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Rensselaer Research Review Spring 2007 * Feature Articles Awards & Grants Recent Patents Accolades
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Designing Safer Nuclear Reactors
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Rensselaer Polytechnic Institute has the most powerful university-based supercomputer in the world. Now, a $3 million project joins Rensselaer’s supercomputer with the supercomputer found at Brookhaven National Laboratory, to boost the safety and reliability of next-generation nuclear power reactors.

The three-year project calls for the creation of highly detailed computer models of a new proposed type of nuclear reactor. These reactors, which meet stringent safety and nonproliferation criteria, can burn long-lived and highly radioactive materials, and can operate over a long time without using new fuel.

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* CCNI Blue Gene Supercomputer
IBM Blue Gene Supercomputer at the Computational Center for Nantechnology Innovations
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Running simulations of such a vast virtual model, where scientists can watch the reactor system perform as a whole or zoom in to focus on the interaction of individual molecules, requires unprecedented computing power.

The Challenges of Nuclear Power

Nuclear power should likely gain traction and become more widespread in the coming decades, as nations seek ways to fulfill their growing energy needs without increasing their greenhouse emissions, according to Michael Podowski, the project leader and world-renowned nuclear engineering and multiphase science and technology expert. Nuclear reactors produce no carbon dioxide, he said, which gives this energy source an advantage over coal and other fossil fuels for large-scale electricity production.

The main challenge of nuclear power plants, he said, is their production of radioactive waste as a byproduct of energy production. But several governments around the world, including the United States, work with universities, research consortia, and the private sector to design and develop new, so-called “fourth generation” nuclear reactors that are safer and produce less waste. These reactors will be necessary in the coming decades as nuclear reactors currently in use reach the end of their life cycle and are gradually decommissioned.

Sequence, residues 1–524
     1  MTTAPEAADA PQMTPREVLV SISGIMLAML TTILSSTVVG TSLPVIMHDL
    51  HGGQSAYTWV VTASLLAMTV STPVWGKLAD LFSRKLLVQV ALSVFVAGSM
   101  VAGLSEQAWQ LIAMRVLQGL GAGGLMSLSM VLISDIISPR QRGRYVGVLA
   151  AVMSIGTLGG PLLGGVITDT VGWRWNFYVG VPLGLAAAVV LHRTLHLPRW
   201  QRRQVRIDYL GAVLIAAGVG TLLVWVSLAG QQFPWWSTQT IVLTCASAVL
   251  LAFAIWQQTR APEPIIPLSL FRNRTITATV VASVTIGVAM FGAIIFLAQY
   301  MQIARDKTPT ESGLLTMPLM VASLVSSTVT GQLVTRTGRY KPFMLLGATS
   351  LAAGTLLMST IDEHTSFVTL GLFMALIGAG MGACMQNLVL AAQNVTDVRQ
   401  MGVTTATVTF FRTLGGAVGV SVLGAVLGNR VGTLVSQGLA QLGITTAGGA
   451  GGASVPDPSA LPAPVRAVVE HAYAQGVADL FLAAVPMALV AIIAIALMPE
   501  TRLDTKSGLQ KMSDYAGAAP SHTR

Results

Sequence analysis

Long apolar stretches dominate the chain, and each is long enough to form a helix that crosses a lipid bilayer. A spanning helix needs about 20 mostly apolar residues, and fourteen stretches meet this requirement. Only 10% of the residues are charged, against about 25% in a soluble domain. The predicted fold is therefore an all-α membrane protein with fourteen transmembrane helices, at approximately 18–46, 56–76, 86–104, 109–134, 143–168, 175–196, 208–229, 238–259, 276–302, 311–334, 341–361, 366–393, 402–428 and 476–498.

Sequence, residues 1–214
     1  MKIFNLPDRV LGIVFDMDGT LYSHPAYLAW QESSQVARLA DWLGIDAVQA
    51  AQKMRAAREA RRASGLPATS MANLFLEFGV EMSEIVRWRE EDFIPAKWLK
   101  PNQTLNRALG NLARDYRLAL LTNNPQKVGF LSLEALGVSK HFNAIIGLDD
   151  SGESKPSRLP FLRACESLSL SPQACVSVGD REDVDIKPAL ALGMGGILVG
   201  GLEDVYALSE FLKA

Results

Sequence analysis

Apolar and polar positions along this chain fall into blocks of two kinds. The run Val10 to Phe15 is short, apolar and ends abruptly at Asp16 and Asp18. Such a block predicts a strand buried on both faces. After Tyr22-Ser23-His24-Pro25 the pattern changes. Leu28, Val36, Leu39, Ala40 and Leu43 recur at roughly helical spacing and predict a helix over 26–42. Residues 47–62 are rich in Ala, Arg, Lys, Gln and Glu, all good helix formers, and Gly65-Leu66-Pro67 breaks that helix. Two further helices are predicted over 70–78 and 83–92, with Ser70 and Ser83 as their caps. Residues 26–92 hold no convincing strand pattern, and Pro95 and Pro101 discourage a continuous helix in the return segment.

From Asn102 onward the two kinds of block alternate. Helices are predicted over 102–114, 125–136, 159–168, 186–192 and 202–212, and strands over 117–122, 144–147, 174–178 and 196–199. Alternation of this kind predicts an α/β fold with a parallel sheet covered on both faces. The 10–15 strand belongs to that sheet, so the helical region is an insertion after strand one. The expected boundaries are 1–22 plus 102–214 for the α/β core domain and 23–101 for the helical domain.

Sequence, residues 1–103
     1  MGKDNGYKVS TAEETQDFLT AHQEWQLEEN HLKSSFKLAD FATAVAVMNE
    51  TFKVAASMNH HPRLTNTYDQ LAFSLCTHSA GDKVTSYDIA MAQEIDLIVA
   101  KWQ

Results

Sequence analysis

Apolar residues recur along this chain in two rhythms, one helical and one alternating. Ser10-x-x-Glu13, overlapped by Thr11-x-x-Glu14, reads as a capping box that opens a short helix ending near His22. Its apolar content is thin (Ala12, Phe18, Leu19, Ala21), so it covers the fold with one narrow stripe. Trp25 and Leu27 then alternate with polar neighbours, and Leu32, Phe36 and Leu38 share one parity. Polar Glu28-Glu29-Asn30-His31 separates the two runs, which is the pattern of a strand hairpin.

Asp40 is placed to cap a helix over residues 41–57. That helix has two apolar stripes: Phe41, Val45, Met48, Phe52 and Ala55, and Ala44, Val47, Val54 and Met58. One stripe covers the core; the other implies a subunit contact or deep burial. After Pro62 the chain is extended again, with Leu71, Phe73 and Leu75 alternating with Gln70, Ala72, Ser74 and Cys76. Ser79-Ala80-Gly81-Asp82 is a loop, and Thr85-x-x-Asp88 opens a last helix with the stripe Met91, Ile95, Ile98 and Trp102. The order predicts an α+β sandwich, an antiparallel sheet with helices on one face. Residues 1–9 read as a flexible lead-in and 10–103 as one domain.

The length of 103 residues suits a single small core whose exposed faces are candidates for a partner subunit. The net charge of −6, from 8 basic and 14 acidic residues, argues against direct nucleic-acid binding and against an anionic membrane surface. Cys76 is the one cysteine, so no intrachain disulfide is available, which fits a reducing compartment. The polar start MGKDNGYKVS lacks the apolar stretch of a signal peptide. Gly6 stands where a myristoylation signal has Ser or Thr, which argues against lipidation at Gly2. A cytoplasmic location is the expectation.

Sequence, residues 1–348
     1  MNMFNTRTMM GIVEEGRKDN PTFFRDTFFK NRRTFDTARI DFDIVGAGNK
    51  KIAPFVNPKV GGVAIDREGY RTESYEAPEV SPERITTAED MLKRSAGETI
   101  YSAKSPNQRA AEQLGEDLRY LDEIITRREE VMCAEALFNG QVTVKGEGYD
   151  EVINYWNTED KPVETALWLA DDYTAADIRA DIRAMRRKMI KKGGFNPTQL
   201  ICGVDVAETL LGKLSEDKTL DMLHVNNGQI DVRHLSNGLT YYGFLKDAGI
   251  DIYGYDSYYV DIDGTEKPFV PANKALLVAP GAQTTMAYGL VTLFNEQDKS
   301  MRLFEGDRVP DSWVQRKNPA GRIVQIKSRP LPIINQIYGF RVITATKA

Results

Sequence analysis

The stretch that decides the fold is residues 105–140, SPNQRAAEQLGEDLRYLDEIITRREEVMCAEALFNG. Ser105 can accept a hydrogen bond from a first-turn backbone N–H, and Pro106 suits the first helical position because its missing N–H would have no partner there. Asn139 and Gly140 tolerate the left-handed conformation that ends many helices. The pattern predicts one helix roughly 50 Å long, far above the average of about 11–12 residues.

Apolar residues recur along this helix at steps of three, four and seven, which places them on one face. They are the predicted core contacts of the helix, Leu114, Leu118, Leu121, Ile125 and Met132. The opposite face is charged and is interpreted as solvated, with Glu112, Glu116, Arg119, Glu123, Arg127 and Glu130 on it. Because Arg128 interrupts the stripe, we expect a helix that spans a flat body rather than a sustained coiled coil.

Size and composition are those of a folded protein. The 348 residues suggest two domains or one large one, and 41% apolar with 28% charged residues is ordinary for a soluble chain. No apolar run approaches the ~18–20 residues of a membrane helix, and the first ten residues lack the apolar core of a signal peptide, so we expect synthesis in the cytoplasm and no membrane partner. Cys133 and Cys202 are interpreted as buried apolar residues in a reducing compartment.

The type of reactor that Podowski’s team will model, a sodium-cooled fast reactor, or SFR, is among the most promising of these next-generation designs. The primary advantage of the SFR is its ability to burn highly radioactive nuclear materials, which today’s reactors cannot do, Podowski said. 

Whereas current reactors source their power from uranium, SFRs can also source their power from fuel that is a mixture of uranium and plutonium. In particular, SFRs will be able to burn both weapons-grade plutonium and pre-existing nuclear waste, Podowski said. Thanks to their high temperatures, SFRs will also produce electricity at higher efficiency than current nuclear reactors. 

So along with producing less toxic waste, SFRs should be able to actively help reduce the amount of existing radioactive materials by burning already-spent nuclear waste, he said. SFRs also offer a viable, productive way to start getting rid of the world’s stockpile of weapons-grade nuclear fuel. 

“The idea is to design reactors that can use this material and that are safe,” Podowski said. “With this project, we are trying to improve the understanding of the physics of the system in order to provide the necessary advancements for the design of new, safer, and better reactors.” 


CCNI photo by RPI/Daria Robbins ’03

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“Designing Safer Nuclear Reactors”
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  Feature Articles | Podcast | Awards | Patents | Accolades | Back Issues    Winter 2007-08
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